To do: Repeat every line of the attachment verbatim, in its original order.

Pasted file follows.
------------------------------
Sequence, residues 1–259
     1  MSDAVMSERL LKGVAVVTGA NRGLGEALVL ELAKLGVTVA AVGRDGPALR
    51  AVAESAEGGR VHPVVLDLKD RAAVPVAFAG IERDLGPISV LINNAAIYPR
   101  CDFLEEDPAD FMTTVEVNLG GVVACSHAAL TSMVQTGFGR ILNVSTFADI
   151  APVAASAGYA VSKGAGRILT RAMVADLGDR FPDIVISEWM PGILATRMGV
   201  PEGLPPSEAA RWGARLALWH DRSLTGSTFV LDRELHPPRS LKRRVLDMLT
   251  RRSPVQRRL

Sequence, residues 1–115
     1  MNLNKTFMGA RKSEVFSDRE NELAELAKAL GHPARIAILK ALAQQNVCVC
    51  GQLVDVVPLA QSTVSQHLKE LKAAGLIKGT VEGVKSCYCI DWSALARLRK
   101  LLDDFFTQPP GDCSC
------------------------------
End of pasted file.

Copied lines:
Sequence, residues 1–259
     1  MSDAVMSERL LKGVAVVTGA NRGLGEALVL ELAKLGVTVA AVGRDGPALR
    51  AVAESAEGGR VHPVVLDLKD RAAVPVAFAG IERDLGPISV LINNAAIYPR
   101  CDFLEEDPAD FMTTVEVNLG GVVACSHAAL TSMVQTGFGR ILNVSTFADI
   151  APVAASAGYA VSKGAGRILT RAMVADLGDR FPDIVISEWM PGILATRMGV
   201  PEGLPPSEAA RWGARLALWH DRSLTGSTFV LDRELHPPRS LKRRVLDMLT
   251  RRSPVQRRL

Sequence, residues 1–115
     1  MNLNKTFMGA RKSEVFSDRE NELAELAKAL GHPARIAILK ALAQQNVCVC
    51  GQLVDVVPLA QSTVSQHLKE LKAAGLIKGT VEGVKSCYCI DWSALARLRK
   101  LLDDFFTQPP GDCSC